Italy’s Gentiloni Summoned by President, Could Become Premier

Updated on
  • Foreign affairs minister seen as successor to Matteo Renzi
  • Renzi said earlier he had resigned ‘for real’ after vote

Italian Foreign Minister Paolo Gentiloni has been summoned to a meeting with Italy’s head of state and is expected to become the country’s prime minister.

The office of President Sergio Mattarella said in an e-mailed statement that he had called Gentiloni, 62, to a meeting at the presidential palace at 12.30 p.m. Rome time on Sunday. La Repubblica newspaper said he was in line to lead the new government.

Paolo Gentiloni

Photographer: Marc Hill/Bloomberg

Outgoing premier Matteo Renzi said earlier in a post on Facebook that he has moved out of the prime minister’s residence in Rome, having resigned “for real” after his defeat in a Dec. 4 constitutional referendum.

Gentiloni, a former communications minister, is a descendant of Italian nobility. As foreign minister, he campaigned to persuade European Union partners to help share the burden of migrants crossing the Mediterranean to Italy and Greece, and co-chaired talks on the Libyan crisis with U.S. Secretary of State John Kerry.


Italy’s Challenges

Mattarella, pledging on Saturday to act to resolve the government crisis quickly, had said Italy “needs a government fully exercising its role soon,” adding that it faces challenges domestically and at the European and global level.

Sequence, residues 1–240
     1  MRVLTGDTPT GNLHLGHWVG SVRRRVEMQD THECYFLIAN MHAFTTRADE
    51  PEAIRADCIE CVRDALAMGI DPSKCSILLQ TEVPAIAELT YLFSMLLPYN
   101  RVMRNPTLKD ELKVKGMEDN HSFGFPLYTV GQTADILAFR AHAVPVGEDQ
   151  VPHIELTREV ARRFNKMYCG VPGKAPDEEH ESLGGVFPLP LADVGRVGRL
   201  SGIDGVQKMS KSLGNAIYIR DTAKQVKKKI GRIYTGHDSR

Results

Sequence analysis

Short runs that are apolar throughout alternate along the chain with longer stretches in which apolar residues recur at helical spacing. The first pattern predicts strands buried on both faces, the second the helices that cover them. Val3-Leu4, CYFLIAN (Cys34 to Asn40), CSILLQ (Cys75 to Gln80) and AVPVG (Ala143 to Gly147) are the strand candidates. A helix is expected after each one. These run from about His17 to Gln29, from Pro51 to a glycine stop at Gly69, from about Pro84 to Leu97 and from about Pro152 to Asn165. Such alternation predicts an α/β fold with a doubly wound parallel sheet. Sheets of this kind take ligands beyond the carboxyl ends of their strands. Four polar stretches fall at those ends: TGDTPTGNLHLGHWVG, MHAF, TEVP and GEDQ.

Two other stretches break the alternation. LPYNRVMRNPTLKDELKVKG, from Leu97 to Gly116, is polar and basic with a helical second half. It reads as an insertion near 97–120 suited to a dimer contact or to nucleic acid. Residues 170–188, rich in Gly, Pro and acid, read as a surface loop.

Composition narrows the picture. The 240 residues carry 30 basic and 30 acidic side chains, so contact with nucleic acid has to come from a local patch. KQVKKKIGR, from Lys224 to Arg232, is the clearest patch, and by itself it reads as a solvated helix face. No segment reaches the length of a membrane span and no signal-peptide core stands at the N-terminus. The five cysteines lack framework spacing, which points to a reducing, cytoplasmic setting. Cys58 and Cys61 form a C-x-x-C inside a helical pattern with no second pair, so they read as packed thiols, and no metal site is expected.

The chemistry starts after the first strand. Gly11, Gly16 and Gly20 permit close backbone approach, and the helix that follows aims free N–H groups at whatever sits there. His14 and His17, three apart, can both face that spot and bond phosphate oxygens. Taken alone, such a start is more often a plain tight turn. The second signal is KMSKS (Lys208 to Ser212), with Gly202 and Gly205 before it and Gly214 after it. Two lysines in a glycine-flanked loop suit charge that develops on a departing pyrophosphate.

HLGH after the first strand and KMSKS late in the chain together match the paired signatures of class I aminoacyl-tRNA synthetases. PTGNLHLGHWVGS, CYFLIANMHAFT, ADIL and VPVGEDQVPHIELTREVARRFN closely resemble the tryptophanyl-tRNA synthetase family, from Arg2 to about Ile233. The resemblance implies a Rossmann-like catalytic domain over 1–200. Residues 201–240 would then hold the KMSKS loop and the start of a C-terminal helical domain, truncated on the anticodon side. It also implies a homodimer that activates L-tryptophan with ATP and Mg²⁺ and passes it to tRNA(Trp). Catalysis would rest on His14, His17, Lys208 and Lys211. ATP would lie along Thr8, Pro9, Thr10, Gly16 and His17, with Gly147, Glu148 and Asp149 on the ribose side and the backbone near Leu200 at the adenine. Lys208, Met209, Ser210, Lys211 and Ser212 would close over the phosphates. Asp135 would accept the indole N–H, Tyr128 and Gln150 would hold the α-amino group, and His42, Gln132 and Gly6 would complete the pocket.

Italy’s political establishment is under pressure to end the government crisis after the European Central Bank decided on Friday not to allow Banca Monte dei Paschi di Siena SpA to extend a deadline on a 5 billion-euro capital increase, fueling worries that political instability could weigh on the troubled banking sector.

If appointed in time, Gentiloni will take part in the EU summit in Brussels on Thursday. Italy will chair the Group of Seven wealthy nations from January, and host a summit of European Union leaders in March to mark the 60th anniversary of the 1957 signing of the Treaty of Rome. That accord eventually led to the creation of the EU.

In his night-time post on Facebook, Renzi said he had returned to his family home in Pontassieve, Tuscany, and that he had kept his promise to quit: “I had said I would, and I did.” Renzi wished his successor the best of luck. But he signaled he would prepare a comeback. “To millions of Italians who want a future of ideas and hopes for our country, I say that we will not tire in trying for a new start,” he wrote.

Renzi’s Support

As premier, Gentiloni would have the support of Renzi, still a voice to be reckoned with as leader of the Democratic Party, which is the biggest party in parliament. Renzi formally handed in his resignation on Wednesday after losing the referendum on reform of the Senate.

Gentiloni’s tasks would include guiding a change to the country’s electoral law ahead of early elections likely in the first half of next year. Luigi Zanda, chief whip in the Senate for Renzi’s Democratic Party, said after talks with Mattarella that the aim for his group was to “have elections as soon as possible.”

Mainstream parties want to change the electoral law because it is now different for each house, and it gives an automatic majority to the leading party in the lower house. They fear that the anti-establishment Five Star Movement, which wants a referendum on Italy’s membership of the euro area, could be the winner under this system.

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